What Are the Basic Sewing Skill, a tutorial by The Sewing Korner

Learning how to sew is not something you can learn overnight, but regardless of how you learn or who teaches you, there are some basic sewing skills that all sewers learn, at least in the beginning.

In fact, these basic skills are usually considered the foundation for learning all other skills as you progress and turn into an accomplished seamstress.

Most of these stitches are harder to master than they are to learn, and if you’re wondering, what are the basic sewing skills a beginning sewer needs to know, you’ve come to the right place.

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    What Are the Basic Sewing Skills a Sewer Needs to Know?

    Some of the basic sewing skills that all sewers need to know include how to insert a needle, how to thread a needle, how to adjust the sewing machine tension, how to hand-sew, sewing a straight stitch, sewing a zigzag stitch, plus a few others. Many of them are described below.

    Basic sewing skills are taught because many of the patterns you’ll be working with later on once you become a better sewer will require that you know a lot of these skills to complete the project successfully. When you’re new at sewing, all of these skills may feel awkward or difficult, but once you practice them and do them over and over again, you’ll become a pro at them before you know it. You should never underestimate their importance because from now on, you’re going to be surprised how often you use these basic sewing skills.

    If you’re curious about some of the most common basic sewing skills that are a must to learn, below are 10 of them to look at.

    1. How to Insert a Needle

    Inserting a sewing machine needle isn’t that difficult because most of them have a square-like top that fits instantly into the hole above designed to hold it. You simply unscrew that top portion to loosen up the hole, stick the needle in there, then tighten up the screw to keep the needle nice and secure.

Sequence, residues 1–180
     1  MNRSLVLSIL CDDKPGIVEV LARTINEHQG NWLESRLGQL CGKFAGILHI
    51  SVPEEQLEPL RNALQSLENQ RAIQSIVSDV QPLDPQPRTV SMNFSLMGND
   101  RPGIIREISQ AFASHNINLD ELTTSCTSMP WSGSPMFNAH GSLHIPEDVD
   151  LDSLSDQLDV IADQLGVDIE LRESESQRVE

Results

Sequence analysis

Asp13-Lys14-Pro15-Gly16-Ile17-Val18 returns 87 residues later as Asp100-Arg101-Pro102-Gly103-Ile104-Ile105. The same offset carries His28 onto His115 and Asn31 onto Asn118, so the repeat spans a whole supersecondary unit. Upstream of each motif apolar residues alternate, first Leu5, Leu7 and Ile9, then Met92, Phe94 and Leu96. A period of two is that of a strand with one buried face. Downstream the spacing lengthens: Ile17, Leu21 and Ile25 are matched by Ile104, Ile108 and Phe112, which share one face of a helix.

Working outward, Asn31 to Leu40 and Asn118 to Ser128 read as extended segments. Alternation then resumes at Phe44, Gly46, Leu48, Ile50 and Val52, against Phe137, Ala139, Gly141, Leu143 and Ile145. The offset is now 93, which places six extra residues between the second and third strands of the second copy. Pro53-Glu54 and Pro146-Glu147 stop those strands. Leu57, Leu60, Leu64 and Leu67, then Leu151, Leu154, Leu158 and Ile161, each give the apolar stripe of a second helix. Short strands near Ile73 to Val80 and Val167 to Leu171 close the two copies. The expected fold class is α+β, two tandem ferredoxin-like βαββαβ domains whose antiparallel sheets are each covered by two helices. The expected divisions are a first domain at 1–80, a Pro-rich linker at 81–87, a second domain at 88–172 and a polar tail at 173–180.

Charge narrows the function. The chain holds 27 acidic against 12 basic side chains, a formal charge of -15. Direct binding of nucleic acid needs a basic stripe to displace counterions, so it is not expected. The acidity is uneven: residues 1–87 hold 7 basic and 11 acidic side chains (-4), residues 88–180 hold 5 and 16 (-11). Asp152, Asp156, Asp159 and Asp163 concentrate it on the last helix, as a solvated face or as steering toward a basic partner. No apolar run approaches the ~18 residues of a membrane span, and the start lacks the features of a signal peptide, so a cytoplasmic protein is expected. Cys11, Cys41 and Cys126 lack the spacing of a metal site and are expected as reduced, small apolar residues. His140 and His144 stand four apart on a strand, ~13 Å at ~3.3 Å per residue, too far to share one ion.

The only thing you have to remember is to make sure you get the right needle, which is very easy most of the time because there are standard sewing needles that will fit almost any sewing machine you buy.

    At the same time, you should practice removing the needle as well. After all, you’ll be replacing more needles than you might think, so you might as well learn the skill as soon as possible.

    2. How to Thread a Needle

    Threading a needle takes time because the needle is in the machine as you start to thread it, which makes some people a little nervous. Nevertheless, many sewing machines have the “pattern” printed on the machine itself, so all you have to do is look at that pattern as you thread. Once you thread the needle on your machine a few times, it should get easier.

    The other challenge for beginning sewers is that you’ll be working with two different threads – the sewing thread and the thread in the bobbin, but again, you shouldn’t have to thread them too many times to get comfortable with the process.

    3. How to Adjust the Sewing Machine Tension

    If you’re sewing and the fabric starts bunching up or your thread keeps breaking as you sew, it could very well be a problem with your machine’s tension. All sewing machines have a tension button, and even though they each work a little differently, this is yet another skill that you won’t have to practice too many times to get it right.

    Tensions on sewing machines periodically need to be adjusted, but your sewing machine manual will explain how yours works, and it’s good to practice with it every now and then to make sure you understand what it does.

    4. How to Hand-Sew

    You’re likely asking yourself, why do I need to learn how to hand-sew if I have a sewing machine? The truth is, some tasks are simpler and even faster if you sew them by hand. In addition, it is good to learn because you never know when you’ll need to sew something by hand.

    When learning to sew by hand, your work has to be very detail-oriented, and it is this attention to detail that can further develop your skills as a sewer. Fortunately, there are many resources out there to help you learn to sew by hand much better, and once you get used to sewing by hand, it will stop being something you dread.